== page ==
I think you did the right thing.
The scene you describe could have happened on a street corner in my neighbourhood; I live in a mid-sized city in Canada, a country that is supposedly even friendlier than the United States. Rude people exist in every country. That said, it is possible that she is hard of hearing and thinks she has to shout in order to be heard.
It is also possible that she is like me and sometimes offers help when it is neither needed nor wanted. If you didn't know her, she probably didn't know you or that you use that intersection every day. Long story short, most likely she just wanted to help you in the best way she knew how.
All the same, I understand why you felt hurt. Nobody likes being yelled at. Your silence most likely informed that woman loudly and clearly that you considered her speech inappropriate. If I were her, I would notice that you didn't like it and feel hurt that my efforts to help were once again misunderstood.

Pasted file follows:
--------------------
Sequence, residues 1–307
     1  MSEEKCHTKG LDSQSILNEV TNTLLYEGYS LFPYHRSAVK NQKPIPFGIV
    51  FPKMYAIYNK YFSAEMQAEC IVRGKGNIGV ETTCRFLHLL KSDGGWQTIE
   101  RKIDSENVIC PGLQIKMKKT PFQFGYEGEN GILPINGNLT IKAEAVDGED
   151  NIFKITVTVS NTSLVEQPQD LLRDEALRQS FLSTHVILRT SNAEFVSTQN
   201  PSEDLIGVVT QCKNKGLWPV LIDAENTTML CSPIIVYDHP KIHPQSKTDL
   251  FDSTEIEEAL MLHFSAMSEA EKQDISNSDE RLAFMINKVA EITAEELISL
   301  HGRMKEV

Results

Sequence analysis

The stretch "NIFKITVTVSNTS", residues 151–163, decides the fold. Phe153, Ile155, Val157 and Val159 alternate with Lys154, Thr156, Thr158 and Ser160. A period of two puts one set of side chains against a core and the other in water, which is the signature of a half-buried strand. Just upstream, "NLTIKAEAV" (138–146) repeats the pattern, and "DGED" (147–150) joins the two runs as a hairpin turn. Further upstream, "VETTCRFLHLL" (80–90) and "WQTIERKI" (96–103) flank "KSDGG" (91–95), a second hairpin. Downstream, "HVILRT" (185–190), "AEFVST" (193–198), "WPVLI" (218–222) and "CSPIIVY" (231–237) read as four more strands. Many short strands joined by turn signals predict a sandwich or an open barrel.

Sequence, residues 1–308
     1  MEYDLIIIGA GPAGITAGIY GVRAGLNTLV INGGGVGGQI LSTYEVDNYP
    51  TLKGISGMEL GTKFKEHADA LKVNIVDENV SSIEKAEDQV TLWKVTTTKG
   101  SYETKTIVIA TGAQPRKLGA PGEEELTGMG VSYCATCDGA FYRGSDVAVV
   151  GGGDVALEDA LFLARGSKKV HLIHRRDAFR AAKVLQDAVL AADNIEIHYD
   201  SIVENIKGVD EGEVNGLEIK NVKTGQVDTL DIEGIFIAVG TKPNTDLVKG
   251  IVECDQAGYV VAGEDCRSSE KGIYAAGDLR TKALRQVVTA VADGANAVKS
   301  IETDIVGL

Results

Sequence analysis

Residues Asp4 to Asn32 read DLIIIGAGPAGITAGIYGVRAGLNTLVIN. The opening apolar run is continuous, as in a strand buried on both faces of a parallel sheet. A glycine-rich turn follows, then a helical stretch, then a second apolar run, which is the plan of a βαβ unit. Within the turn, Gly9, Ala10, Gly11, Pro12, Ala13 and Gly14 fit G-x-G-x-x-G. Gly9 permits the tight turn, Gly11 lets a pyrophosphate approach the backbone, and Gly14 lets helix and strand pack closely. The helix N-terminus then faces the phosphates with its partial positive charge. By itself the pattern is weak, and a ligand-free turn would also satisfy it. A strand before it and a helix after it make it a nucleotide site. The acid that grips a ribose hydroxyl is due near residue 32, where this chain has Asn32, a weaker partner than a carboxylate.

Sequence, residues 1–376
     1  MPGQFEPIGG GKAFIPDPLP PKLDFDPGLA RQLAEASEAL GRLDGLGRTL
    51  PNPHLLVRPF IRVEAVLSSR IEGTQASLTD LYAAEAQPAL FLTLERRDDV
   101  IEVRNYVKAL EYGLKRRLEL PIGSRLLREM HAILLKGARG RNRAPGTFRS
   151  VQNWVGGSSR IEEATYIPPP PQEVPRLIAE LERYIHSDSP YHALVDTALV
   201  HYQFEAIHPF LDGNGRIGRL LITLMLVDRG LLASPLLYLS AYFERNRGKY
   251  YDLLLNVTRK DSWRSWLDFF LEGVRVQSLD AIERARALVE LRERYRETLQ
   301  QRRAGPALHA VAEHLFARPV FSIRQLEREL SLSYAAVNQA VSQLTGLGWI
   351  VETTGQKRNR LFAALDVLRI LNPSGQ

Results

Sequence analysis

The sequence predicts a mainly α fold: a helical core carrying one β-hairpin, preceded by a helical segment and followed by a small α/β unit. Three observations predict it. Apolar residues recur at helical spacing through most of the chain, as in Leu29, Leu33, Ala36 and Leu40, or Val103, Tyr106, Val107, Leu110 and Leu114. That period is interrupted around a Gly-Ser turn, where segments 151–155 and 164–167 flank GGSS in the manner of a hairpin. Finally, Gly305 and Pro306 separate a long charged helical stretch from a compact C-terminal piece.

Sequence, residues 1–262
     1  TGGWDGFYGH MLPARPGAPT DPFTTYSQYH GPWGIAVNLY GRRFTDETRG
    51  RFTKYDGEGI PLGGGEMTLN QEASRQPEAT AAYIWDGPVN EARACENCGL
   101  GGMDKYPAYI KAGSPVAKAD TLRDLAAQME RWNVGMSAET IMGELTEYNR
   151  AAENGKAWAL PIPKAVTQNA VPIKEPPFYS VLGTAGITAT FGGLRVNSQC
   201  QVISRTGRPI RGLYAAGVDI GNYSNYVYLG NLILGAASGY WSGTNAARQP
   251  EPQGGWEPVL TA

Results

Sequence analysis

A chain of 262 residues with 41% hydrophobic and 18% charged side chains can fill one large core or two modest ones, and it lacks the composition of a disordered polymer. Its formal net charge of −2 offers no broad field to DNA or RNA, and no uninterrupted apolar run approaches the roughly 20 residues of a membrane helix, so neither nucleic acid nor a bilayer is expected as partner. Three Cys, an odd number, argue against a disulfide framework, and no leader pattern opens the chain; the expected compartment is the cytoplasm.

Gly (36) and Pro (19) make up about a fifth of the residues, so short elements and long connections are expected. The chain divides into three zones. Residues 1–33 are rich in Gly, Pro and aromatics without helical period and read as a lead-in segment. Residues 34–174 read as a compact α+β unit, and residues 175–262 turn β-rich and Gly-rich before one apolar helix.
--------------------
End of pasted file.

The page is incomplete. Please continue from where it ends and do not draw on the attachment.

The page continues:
Experiences like this are teaching me that most people can figure things out for themselves. When I am at the receiving end of rude remarks it's a bit more difficult. However, not responding is perhaps the safest way of handling it with complete strangers whom you never expect to meet again.
I have experienced a few times when I tried being assertive with complete strangers and they then took an aggressive attitude. So far, nothing bad happened but it showed me that when there's nothing to lose, it may be best to be humble and submissive and quiet when alone on the street with strangers.
Even old ladies can be surprisingly dangerous if angered, especially when carrying a cane or purse.